I’m so glad that our photographs are translating in that way! The quote you mentioned by Anaïs Nin really resonates with me for a number of reasons. While reading an excerpt from one of her diaries, I came across a thought she was having during a therapy session where she talked of her ‘struggles to find a language for intuition, feeling, instincts which are, in themselves, elusive, subtle, and wordless’. I like to use shadow, whether it be literal or figurative, as a way to identify with and feel comfort within the unknown. It can be difficult to communicate a lot of emotions solely with the words you speak. I feel as if shadow conveys a lot of emotion on its own and by using it or resonating within it, you are only adding another layer to your expressiveness. I remember searching for a quote to put next to my photograph in the high school yearbook years ago and finally settling on this one that has been attributed to Maya Angelou: ‘They may forget what you said, but they will never forget how you made them feel.’ I remember my parents and friends being like, ‘Are you sure? You know that’s going to be there forever.’ I was sure then, and I still am now.
Even when I do appear as the subject in Bill’s photographs, I feel there is always something bigger than me that he has as the true main focus. Whether it be a mist-filled shoreline or an aerial view of vibrant fall foliage, I am more so just existing within that realm and trying to communicate the emotion I feel towards my surroundings. I think that relates directly to my personal style as well. I tend to wear mostly black because I resonate with the darkness – but if I do select a color to add to my wardrobe, it is typically one that would directly reflect an autumnal color palate because that is where I feel most at home. So basically when that quote by Anaïs Nin is translated to the emotions conveyed through photography in my mind, I’m saying to look towards the beauty of nature (which is the main focus) and you will find me there, falling second to her…exactly where I want to be.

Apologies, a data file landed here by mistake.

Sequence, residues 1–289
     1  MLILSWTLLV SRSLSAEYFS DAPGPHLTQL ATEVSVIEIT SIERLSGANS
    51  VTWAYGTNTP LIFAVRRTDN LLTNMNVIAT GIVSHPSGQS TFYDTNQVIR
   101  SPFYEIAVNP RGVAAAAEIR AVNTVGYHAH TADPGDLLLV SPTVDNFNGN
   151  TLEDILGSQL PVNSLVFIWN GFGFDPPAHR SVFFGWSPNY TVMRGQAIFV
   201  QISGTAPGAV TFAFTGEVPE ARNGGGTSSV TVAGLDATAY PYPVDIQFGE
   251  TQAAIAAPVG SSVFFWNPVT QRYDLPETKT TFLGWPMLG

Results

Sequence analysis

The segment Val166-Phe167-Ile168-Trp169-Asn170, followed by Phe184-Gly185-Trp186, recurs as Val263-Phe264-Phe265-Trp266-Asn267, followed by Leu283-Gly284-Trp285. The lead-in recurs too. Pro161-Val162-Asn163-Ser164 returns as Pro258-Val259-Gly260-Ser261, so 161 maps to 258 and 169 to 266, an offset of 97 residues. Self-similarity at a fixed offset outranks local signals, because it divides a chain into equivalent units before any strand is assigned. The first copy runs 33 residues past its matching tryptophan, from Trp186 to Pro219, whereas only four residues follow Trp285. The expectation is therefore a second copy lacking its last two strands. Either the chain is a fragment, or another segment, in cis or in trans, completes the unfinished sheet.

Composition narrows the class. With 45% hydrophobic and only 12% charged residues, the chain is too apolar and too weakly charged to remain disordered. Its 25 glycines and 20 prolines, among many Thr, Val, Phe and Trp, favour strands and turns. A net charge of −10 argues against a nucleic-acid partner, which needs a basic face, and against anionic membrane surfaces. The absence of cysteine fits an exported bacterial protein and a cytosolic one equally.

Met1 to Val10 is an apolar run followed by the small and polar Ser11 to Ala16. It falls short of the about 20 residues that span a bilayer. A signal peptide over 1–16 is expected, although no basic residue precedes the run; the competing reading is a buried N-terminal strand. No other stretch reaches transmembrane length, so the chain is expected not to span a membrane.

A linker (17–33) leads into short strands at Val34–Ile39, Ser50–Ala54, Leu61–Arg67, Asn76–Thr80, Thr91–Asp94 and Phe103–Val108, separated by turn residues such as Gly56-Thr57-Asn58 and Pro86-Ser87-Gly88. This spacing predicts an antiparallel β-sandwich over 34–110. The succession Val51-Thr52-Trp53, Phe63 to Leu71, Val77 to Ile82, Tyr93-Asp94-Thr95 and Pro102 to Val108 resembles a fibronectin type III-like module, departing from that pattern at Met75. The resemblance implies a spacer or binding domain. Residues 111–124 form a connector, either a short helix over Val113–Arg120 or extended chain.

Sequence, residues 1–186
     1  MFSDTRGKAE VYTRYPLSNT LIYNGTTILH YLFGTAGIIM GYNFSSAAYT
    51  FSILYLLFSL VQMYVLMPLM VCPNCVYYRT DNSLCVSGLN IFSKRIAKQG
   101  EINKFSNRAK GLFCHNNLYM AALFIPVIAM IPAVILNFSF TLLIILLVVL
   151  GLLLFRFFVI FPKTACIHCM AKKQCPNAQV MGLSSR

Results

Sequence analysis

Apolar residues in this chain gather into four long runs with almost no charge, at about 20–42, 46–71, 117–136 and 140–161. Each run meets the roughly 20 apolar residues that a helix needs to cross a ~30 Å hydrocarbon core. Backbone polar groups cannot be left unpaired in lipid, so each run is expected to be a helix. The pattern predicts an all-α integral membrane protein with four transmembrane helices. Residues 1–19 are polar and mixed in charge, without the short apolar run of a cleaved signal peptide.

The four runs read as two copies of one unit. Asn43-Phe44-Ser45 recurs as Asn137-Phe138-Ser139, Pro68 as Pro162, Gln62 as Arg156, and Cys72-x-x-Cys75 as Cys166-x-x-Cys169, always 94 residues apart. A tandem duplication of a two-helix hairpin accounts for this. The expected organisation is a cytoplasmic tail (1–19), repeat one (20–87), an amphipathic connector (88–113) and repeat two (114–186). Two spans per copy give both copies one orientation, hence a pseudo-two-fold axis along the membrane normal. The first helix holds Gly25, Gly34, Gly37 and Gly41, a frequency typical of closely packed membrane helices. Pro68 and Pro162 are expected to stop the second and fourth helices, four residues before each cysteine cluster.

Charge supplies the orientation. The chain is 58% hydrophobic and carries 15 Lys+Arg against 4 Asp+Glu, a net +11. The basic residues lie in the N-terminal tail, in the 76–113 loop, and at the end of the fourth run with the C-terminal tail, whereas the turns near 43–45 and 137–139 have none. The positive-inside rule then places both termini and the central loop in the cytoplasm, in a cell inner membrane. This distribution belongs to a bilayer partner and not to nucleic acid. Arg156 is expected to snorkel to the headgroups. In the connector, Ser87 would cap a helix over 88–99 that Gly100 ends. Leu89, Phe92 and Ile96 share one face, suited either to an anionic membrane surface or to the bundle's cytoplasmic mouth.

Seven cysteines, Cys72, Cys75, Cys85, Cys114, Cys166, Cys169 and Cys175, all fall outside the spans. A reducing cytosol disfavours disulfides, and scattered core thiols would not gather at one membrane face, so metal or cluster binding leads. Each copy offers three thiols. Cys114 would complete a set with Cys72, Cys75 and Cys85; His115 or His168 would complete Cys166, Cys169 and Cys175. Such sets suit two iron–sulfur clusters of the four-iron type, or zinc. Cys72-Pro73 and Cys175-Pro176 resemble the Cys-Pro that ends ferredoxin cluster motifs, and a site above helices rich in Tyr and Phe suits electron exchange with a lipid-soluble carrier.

No doubt whispers of a new collection are still hushed in shrouded secrecy, so I won’t try to rudely peek behind the veil just yet, but perhaps Burial Ground is conjuring smaller projects in the meantime that you can share with us?
We do have a new collection in the works that should be released by Spring 2018! It’s been a work in progress for several months, but we still need a bit of time to perfect each of the pieces… so, you’re right, we aren’t sharing the theme just yet! In the meantime we have been working on releasing our own line of handmade (by us) cone incense. The first batch is going to be zodiac based. It consists of 12 differing recipes made from carefully selected herbs and oils that correspond to each astrological sign. Within each box we will also include an illustrated postcard with Bill’s interpretation of whichever sign you’ve chosen, an incense burner, matches and a small jar of sand (to help diffuse heat and lengthen burn time). [EDIT: Many of the signs are sold out, but it looks as of right now there is Gemini, Libra, and Aries left!]